ISSN (Print) - 0012-9976 | ISSN (Online) - 2349-8846

Articles by Anuradha M ChenoySubscribe to Anuradha M Chenoy

A Tale of Two Summits

Two back-to-back multilateral summits, the BRICS and G20, are rightly considered 2023’s very important meetings. Both these have successes, challenges and provide indicators on the state of current geopolitics.

The Russian Offensive, Unravelling of Ukraine, and Geopolitics

The terrible impact of the Russia–Ukraine proxy war on the people of Ukraine and its decimation are of little concern to global elites. The war is increasing militarisation, cutting into human security, damaging the environ­ment, and increasing food insecurity. The drive for dominance and hegemony holds our planet hostage, while the real issues of people and planet remain on the brink of multiple catastrophes.


Geopolitics Drives the New US Economic and Industrial Strategy

The “New Washington Consensus” is not really new as the greatly magnified role and influence of the huge transnational corporations, especially the military–industrial complex that drives both the economics and foreign policy of the United States, remains untouched. Further, there is no consensus on its anti-China thrust either as the majority of countries searching for strategic autonomy, including many of the US’s own allies, would not risk breaking economic relations with China.

The Changing Geostrategic Landscape

The Chinese-mediated agreement between the two West Asian rivals, Iran and Saudi Arabia, on 10 March, will re-establish diplomatic relations between the two countries after a seven-year period of cold hostility. This agreement and Chinese mediation methodology change the regional strategic landscape in historic ways.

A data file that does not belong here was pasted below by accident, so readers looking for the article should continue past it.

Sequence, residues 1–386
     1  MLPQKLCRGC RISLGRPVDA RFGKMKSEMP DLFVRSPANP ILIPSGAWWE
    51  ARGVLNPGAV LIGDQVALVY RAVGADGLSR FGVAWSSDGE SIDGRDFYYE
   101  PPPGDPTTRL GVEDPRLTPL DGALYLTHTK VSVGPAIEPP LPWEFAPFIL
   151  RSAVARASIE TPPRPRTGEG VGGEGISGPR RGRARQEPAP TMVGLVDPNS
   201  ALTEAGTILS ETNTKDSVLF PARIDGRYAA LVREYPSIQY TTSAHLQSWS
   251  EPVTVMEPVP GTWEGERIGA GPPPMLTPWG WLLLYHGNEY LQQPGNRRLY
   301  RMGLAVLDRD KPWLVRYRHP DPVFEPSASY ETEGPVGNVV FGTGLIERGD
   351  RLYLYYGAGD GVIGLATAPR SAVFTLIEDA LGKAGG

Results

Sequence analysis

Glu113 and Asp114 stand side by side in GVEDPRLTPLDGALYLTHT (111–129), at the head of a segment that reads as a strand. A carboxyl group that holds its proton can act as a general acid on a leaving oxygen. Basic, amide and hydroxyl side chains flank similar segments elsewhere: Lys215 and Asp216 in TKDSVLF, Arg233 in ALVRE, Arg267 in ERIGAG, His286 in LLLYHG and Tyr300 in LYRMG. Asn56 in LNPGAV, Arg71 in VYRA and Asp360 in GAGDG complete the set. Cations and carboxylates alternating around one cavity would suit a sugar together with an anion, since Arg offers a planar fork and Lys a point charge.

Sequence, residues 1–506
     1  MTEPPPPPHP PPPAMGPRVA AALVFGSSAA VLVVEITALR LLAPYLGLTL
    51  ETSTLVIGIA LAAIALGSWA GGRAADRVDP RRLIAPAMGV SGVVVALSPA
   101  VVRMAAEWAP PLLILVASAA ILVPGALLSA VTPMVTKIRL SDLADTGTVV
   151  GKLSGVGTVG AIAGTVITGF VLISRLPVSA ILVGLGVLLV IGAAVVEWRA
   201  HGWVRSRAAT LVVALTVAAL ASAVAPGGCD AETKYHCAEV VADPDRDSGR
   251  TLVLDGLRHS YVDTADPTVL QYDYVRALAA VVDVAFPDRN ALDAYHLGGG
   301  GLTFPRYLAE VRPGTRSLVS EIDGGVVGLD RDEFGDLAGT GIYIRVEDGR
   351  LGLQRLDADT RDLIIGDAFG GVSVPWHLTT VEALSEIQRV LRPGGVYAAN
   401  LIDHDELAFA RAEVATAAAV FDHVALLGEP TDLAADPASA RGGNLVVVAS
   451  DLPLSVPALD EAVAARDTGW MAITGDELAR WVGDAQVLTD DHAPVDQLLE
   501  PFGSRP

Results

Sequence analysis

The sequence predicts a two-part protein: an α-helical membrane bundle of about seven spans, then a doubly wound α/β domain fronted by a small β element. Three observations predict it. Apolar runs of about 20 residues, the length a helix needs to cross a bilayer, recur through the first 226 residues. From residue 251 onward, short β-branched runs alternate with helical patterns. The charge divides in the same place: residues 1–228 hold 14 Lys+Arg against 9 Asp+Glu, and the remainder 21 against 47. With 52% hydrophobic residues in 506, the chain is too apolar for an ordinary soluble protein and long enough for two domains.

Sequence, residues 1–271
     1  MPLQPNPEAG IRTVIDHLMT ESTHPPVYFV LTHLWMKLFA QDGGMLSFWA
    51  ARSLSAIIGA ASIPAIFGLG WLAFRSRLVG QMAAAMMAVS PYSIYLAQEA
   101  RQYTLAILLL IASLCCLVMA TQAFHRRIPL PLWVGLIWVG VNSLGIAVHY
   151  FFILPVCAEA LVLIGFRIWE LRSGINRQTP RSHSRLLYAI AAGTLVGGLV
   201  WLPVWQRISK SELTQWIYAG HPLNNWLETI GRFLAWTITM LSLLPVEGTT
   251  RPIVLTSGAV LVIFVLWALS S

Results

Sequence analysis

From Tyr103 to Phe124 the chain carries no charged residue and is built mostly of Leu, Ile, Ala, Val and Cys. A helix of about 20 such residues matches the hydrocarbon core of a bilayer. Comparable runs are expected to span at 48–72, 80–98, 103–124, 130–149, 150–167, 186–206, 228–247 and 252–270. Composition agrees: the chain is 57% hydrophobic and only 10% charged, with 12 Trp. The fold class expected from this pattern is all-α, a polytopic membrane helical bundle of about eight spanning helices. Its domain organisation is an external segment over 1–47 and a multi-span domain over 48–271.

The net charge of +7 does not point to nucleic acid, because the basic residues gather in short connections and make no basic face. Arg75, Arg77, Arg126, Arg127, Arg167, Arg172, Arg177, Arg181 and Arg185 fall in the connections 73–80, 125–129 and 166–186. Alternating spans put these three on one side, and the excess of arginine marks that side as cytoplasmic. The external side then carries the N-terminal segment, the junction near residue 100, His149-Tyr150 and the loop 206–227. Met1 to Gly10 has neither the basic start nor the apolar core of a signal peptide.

The Multipolar Global Political Economy

Global trends indicate that the geopolitical transition towards a multipolar international system is matched by a growing diversifi cation of the global political economy. The desire for a unipolar order from hegemonic powers accompanied by force, interventions and hybrid wars will not reverse this trend, though there can be some upsets, with specifi c countries switching to become satellites of unipolar great powers.

Russia–Ukraine War and the Changing World Order

Geopolitical consequences in the aftermath of Russian agression against Ukraine have once again underscored that there is no alternative to common and collaborative security which is inclusive. The double standards in implementing human rights and se­lective wars of aggression on smaller states by great powers have led to a del­egitimisation of multilateral institutions and a world that is insecure for all.


Ukraine's Conflict and Resolution

The West - the European Union and the United States - has shown no qualms in supporting a coup led by ultranationalists to achieve geopolitical aims in Ukraine. The Russian actions in the semi-autonomous region of Crimea may be illegal de jure, but seem driven by the need to counter the West's influence in the country's "near abroad". As things stand, the events portend to a far from ideal conclusion to the Ukrainian crisis.

Accounts of the Russian Transition

Conversations on Russia: Reform from Yeltsin to Putin by Padma Desai; Oxford University Press, New Delhi, 2007; pp xv + 383, Rs 595.

India's Foreign Policy Shifts and the Calculus of Power